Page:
Modern teaching methods aim to integrate active research parts executed by the students themselves to train their scientific skills, critical thinking and problem-solving skills, as well as collaboration and communication. We discuss lessons learned, benefits and barriers (especially) from Applied Statistics (3rd semester) and Social and Media Psychology (5th semester) courses in which student from computer science study programs had to accomplish a whole cycle of a research process including literature study, hypotheses generation, the setup of (online) experiments, data collection, analysis and documentation in conference posters. Using an instrument provided by Böttcher and Thiel (2018) we assessed the level of student’s individual perception of research skills.
Positive Psychology is a recent paradigm in the German psychology landscape focusing on people’s strengths and the role of belonging, optimism and well-being. In a rapidly changing digitalized world it is a promising approach for higher education (e.g. 21st century skills) and a relevant mind-set in facing future challenges for individuals, companies and society enhancing work performance, creativity and resilience. Despite a fundamental impact on individuals and society, computer science programs typically do not address such ideas. We present a concept and lessons learned from a Positive Psychology-enhanced course for students of a HCI-program mixing lectures and problem-based-projects with a company in order to promote concept-internationalization and self-efficacy.
Closing the gaps between theory and practice is demanding in University education settings. Mostly, societal challenges of specific groups are only theoretically addressed; e.g. direct contact between developers and users in user interface development is seldom. Time constraints and high coordination effort lets teachers refrain from getting involved in Service Learning. We present insights and results from two projects from a course on “Usability and User Experience in Intercultural Contexts” as a part of a HCI-study program. In course 1, students designed the prototype of a communication platform for a diverse group of female refugees in a participatory design process. In course 2, students involved Turkish migrants of different age groups in the design of a culturally sensitive health app helping migrants navigate the German health system.
The research motivation and economic interest in a new paradigm for Human-Computer Interaction (HCI) originate from the rise of Artificial Intelligence (AI) systems as well as their potential implementation at knowledge workplaces. This increasing interplay of so called Intelligent Cognitive Assistants (ICAs) and employees demonstrates a need for a new principal approach that incorporates specific and promising steps to create an interaction design in decision-making contexts. Aiming to address the stated need, this master thesis tests Shared Decision Making (SDM) as a new paradigm for HCI. SDM stems from the medical field and outlines a three-step method to improve decision-making by sharing preferences and agreeing on a choice. In this thesis, two pre-studies are carried out to prepare the main experiment. The first pre-study inspects via an online questionnaire job characteristics of knowledge workers to ensure an environmental fit for ICAs and identify inconvenient, routine tasks. The second pre-study is a workshop using the SeeMe-method that analyzes an archetypical decision process at knowledge workplaces. This allows inferences for software engineering aspects by taking individual needs into account. The main study experimentally assesses three central outcome measures of SDM in a Wizard-of-Oz design. In comparison to the control group without support, results indicate for SDM support in HCI significantly increased deliberation and higher satisfaction with the. Also, the intention to adhere to the choice made was not significantly reduced in the experimental group. Thus, the work offers a variety of research contributions and practice implications. In conclusion, the findings strongly recommend the implementation of SDM in HCI at knowledge workplaces.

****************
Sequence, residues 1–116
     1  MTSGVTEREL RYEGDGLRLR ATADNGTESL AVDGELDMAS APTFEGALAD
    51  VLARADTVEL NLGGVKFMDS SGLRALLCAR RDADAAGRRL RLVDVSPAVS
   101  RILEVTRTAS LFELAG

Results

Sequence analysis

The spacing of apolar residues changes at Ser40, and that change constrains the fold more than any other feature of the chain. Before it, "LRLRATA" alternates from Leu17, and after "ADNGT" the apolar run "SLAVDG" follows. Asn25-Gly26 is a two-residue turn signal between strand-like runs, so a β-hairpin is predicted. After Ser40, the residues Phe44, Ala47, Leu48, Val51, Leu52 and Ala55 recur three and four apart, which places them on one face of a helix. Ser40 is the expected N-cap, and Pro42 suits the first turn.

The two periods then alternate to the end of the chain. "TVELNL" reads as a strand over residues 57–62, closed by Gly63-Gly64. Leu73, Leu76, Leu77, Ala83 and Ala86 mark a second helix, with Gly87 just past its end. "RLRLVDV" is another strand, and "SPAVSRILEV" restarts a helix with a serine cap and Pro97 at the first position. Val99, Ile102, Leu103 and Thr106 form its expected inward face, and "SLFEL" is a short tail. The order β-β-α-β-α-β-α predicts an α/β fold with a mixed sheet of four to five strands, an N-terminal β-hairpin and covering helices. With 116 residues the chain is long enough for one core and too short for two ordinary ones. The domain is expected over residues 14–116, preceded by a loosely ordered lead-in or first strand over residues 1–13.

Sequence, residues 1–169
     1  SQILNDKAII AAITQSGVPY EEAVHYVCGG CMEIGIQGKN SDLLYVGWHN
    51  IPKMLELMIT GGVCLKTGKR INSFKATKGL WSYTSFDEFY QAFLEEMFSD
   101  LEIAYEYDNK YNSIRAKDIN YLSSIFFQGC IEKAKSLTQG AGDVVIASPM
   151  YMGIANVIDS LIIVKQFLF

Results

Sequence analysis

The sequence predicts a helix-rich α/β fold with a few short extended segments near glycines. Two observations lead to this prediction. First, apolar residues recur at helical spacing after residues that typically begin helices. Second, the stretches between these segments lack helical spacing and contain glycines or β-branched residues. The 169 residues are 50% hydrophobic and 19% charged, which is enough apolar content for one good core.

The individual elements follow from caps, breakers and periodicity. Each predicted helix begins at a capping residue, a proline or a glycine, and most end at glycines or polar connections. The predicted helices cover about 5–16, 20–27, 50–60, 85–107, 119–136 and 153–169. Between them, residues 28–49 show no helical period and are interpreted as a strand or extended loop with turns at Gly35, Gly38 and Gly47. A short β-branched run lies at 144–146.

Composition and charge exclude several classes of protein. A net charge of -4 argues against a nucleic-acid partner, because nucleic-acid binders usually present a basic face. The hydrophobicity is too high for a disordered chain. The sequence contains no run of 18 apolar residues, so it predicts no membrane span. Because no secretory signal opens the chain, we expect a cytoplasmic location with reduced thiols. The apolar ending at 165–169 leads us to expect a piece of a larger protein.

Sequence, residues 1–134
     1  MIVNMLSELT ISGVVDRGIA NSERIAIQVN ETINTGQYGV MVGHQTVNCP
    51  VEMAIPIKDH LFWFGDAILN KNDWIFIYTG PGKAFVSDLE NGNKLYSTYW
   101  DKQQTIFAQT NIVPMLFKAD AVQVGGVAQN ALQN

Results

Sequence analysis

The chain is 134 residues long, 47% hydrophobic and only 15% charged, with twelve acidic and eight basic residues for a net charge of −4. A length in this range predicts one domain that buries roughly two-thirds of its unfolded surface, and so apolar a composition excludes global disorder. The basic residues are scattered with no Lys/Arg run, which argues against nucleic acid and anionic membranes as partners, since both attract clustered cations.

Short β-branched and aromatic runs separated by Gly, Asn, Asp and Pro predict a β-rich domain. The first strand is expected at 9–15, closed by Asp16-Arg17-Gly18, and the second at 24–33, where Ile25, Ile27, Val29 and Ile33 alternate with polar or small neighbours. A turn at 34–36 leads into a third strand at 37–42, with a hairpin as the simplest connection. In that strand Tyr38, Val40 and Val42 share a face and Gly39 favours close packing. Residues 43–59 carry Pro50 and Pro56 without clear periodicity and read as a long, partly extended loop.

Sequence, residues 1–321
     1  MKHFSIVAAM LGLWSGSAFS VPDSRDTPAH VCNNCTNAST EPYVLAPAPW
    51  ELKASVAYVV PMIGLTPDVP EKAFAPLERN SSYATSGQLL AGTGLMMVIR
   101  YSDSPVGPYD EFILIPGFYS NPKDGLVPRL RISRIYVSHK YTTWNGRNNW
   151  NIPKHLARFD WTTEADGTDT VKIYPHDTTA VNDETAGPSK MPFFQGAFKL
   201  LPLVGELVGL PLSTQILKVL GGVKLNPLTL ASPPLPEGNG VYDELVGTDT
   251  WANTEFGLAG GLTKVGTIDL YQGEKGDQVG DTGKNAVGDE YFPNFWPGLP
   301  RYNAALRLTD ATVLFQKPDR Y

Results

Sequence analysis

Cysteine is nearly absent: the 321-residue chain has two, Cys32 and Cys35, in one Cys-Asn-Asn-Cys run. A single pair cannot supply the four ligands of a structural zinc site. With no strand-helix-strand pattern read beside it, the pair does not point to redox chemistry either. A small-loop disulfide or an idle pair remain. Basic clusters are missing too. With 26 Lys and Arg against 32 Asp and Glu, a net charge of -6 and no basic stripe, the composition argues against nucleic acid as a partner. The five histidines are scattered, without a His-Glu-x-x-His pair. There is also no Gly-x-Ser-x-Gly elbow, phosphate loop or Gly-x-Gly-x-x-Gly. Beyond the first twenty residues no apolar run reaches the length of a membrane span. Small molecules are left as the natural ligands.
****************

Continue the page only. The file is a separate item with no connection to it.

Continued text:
Borgert, N. (2019). Share It: A New Paradigm for Interactions with Intelligent Cognitive Assistants. Poster presented at the ACM-W womENcourage, Rome, Italy.
This research project tests Shared Decision Making (SDM) as a new work-psychological paradigm for interactions between humans and Intelligent Cognitive Assistants (ICAs) in decision-making processes. The increasing interplay between employees and AI demonstrates a need for a new principal approach that incorporates specific and promising steps to create a master design of Human-Computer Interactions (HCIs) in decision-making contexts.
Historically, the industrial revolution offered the chance to massively boost the nation’s productivity. The question is whether the second machine age can be also a game-changer for working conditions. The human-artificial intelligence setting is highly relevant, for instance regarding the future importance of robo-advisors. Hence, we deduce from theoretical foundations a new approach to design the human-machine-interaction.
System design for well-being needs an appropriate tool to help designers to determine relevant requirements that can help human well-being to flourish. Personas come as a simple yet powerful tool in the early development stage of the user interface design. Considering well-being determinants in the early design process provide benefits for both the user and the development team. Therefore, in this short paper, we performed a literature study to provide a conceptual model of well-being in personas and propose positive design interventions in personas' creation process.
Available at: aisel.aisnet.org/bise/vol57/iss6/6